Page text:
Creativity and cultural diversity are key assets for Europe in the international competition, but also a meaningful stop signal to the demagogic “Europebashing”. I am delighted that AAD participates to the empowerment of Culture. I am deeply convinced that European civilization is a precious spiritual, social and economic strength for its nations but also for the rest of the world. Its History and its future are the two sides of the same coin. Europe can build on its cultural diversity driven by its cultural and creative sectors and heritage.
Year after year, even if an avalanche of numbers on the creative economy confirms its positive impact on the global economy, I do feel that creative industries are still underestimated ascatalysts for innovation. Beside their contribution, in terms of exports (624 billion dollars worldwide in 2011, weight in GDP (between 3.5 and 13% depending on the country or region including China), and finally in real jobs – and potential ones. Politicians should put more emphasis on their contribution to the tourism and the development of the ICT sector. I strongly believe that culture competitiveness has the capacity to create emotional ties with consumers that go far beyond the price or the functionality of products. Aesthetic, meaning, social significance are key aspects of the experience economy (the proof by Apple, Samsung but also Lorenzetti, Caravaggio, Richter, Bach, Gary, Picasso, Louise Bourgeois, Dusapin, Legrand, Mircea Cantor and all the ones you love…).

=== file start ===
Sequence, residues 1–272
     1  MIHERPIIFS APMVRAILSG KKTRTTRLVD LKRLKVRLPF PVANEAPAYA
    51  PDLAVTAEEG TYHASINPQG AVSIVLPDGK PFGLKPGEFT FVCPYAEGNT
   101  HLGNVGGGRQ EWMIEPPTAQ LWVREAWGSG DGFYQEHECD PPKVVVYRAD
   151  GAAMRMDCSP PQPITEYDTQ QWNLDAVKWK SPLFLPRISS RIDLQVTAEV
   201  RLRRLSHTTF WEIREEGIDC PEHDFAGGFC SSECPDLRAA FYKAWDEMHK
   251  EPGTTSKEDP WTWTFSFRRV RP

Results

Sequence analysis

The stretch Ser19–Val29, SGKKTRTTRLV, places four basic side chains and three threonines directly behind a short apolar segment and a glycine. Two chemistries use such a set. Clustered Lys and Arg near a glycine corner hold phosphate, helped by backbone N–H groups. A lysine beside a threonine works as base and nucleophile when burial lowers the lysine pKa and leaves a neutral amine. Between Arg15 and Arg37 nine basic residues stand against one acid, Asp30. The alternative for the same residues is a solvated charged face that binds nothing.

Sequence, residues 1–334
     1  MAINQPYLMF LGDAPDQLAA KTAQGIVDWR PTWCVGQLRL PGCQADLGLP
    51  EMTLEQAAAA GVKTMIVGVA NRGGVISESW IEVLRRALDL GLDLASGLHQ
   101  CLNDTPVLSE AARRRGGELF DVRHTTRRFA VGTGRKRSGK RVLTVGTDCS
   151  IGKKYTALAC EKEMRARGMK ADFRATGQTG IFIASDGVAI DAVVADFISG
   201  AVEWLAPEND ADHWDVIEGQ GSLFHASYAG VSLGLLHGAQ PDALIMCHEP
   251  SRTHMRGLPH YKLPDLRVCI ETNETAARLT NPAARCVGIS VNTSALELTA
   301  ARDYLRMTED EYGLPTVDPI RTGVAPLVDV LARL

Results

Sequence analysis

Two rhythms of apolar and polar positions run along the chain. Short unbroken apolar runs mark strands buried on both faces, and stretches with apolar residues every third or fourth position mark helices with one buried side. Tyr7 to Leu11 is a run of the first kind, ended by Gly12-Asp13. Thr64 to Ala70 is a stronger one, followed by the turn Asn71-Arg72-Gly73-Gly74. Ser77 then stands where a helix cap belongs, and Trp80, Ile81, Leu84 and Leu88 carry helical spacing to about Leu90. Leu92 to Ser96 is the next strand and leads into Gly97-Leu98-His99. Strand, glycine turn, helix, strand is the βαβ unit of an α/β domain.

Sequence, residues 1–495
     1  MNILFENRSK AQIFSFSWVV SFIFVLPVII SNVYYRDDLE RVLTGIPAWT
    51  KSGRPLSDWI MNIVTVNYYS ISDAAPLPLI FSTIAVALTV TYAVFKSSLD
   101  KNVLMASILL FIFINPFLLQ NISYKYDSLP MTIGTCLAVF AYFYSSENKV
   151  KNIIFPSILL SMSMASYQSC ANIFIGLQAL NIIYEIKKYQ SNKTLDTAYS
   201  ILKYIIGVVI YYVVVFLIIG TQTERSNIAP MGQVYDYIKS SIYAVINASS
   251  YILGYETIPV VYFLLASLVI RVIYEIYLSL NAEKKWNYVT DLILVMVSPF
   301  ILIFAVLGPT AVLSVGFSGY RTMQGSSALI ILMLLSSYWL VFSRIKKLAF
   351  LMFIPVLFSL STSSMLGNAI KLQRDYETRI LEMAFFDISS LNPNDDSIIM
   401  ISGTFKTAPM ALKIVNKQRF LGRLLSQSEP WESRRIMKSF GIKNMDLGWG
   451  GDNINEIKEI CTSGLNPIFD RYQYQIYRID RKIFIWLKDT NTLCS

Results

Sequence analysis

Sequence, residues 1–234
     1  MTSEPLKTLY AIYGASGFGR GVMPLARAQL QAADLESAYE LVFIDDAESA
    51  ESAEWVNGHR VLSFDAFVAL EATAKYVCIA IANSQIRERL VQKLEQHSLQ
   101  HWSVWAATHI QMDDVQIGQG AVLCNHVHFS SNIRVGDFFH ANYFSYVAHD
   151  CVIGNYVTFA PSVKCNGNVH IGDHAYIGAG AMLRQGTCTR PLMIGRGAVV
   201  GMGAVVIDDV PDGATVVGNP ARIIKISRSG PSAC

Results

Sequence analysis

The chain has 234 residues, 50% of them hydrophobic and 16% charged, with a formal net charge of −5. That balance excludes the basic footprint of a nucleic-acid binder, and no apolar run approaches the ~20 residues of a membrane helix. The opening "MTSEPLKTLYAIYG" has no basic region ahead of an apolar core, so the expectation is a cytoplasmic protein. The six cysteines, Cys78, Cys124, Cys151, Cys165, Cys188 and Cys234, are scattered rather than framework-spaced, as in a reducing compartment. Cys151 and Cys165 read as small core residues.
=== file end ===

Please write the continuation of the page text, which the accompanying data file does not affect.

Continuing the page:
Culture, creative industries and intellectual property are key drivers of this intangible economy. From my experience, innovation is increasingly driven by non-technological factors such as creativity, design and new organizational processes or business models. It heavily relies on creative eco-systems in which the quality and diversity of partnerships across different sectors and types of actors is decisive. The most obvious example is the wider use of design in manufacturing industries, adding value to products, services, processes and market structures. A survey shows that firms spending twice the average amount on creative inputs are 25% more likely to introduce product innovations.